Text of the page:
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Somebody Else's Python

Hayley Denbraver 👩‍💻🥑
Software engineer, developer advocate, technical content creator. Believes coding can and should be fun and that teams work best when they are inclusive.
・2 min read

How do you manage your open source dependencies?

Confession - I love Douglas Adams' Hitchhiker's Guide to the Galaxy. It is zany and weird and sometimes (often?) really insightful about human nature. A classic example of this is his creation of the Somebody Else's Problem Field, a cloaking device of the highest caliber described as follows:

An SEP is something we can't see, or don't see, or our brain doesn't let us see, because we think that it's somebody else's problem.... The brain just edits it out, it's like a blind spot. If you look at it directly you won't see it unless you know precisely what it is. Your only hope is to catch it by surprise out of the corner of your eye.

Continuing a bit later,

The Somebody Else's Problem field is simple and effective, and what's more can be run for over a hundred years on a single torch (flashlight) battery. This is because it relies on people's natural disposition not to see anything they don't want to, weren't expecting, or can't explain.

Paraphrased from Douglas Adams' Life, the Universe, and Everything

So where might SEPs be lurking? Well, as a developer who uses and loves Python, I would like to suggest that Somebody Else's Problems might just be lurking in Somebody Else's Python.

Somebody Else's Python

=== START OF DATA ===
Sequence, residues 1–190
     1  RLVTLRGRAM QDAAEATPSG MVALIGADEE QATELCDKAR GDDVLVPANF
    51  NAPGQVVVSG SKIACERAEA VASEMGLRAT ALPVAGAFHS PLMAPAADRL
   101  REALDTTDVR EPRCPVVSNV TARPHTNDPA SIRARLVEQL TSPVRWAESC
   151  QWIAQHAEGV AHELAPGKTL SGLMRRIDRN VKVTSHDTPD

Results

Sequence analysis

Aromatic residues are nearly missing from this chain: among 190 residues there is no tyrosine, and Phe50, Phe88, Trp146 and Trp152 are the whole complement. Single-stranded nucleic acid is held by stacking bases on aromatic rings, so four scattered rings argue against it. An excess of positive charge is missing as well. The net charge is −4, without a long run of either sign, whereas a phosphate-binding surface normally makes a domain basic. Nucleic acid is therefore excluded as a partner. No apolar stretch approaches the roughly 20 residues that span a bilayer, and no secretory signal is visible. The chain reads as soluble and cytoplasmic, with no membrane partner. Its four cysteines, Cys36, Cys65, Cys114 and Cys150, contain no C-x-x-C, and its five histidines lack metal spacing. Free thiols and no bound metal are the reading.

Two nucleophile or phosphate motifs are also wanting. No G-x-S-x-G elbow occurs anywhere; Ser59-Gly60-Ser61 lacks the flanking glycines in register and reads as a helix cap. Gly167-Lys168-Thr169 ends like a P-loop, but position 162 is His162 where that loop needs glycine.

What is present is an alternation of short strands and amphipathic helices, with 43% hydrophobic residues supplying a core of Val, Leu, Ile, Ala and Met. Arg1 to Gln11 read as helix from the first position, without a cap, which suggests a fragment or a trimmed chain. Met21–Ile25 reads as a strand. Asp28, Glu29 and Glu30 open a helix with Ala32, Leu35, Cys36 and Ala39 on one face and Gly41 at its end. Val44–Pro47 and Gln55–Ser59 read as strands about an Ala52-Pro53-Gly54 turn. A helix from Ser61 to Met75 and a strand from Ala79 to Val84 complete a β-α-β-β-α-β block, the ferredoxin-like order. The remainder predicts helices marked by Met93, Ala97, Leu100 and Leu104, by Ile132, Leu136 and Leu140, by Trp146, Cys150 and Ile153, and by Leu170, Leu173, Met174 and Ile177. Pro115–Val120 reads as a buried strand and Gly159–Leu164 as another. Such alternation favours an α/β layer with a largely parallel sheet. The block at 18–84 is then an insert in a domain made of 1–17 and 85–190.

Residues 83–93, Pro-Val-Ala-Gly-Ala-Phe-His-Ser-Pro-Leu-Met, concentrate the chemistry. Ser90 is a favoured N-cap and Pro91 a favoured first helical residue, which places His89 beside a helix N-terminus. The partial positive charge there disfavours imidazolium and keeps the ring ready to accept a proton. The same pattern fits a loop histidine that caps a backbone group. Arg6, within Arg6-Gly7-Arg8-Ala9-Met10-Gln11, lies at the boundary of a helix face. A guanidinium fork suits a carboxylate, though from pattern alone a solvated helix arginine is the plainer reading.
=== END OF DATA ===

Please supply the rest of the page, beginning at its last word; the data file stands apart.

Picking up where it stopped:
You are more likely to know Somebody Else's Python as your open source dependencies. Don't get me wrong, open source is fantastic. It is the building blocks of many of our projects (both personal and professional) and of many of our communities. Open source is amazing!

Open source is amazing, but it should be used with consideration. If open source projects are in your production environments, you have to take responsibility for that code. It may be Someone Else's Python, but you have effectively cosigned a loan with it. You now share in any security issues in the software, known and unknown. It can be a bit sobering, and it can be hard to know what to do about it.

Fixing Vulnerabilities

The above risk vs. rewards calculation is one of the reasons that I really enjoy my work with Snyk. Snyk helps developers find and fix vulnerabilities in their open source software. I came into the company as one of a handful of Python enthusiasts, liking the product, and hoping/advocating for increased support for the community.

Today we were excited to announce support for fix pull requests. You can read more about it here. It is my hope that this functionality can help pythonistas confidently and securely use open source software.

Want to try it for yourself? Snyk has a free tier!

You may be working with Somebody Else's Python, but known security issues can be fixed and no longer be problems at all.

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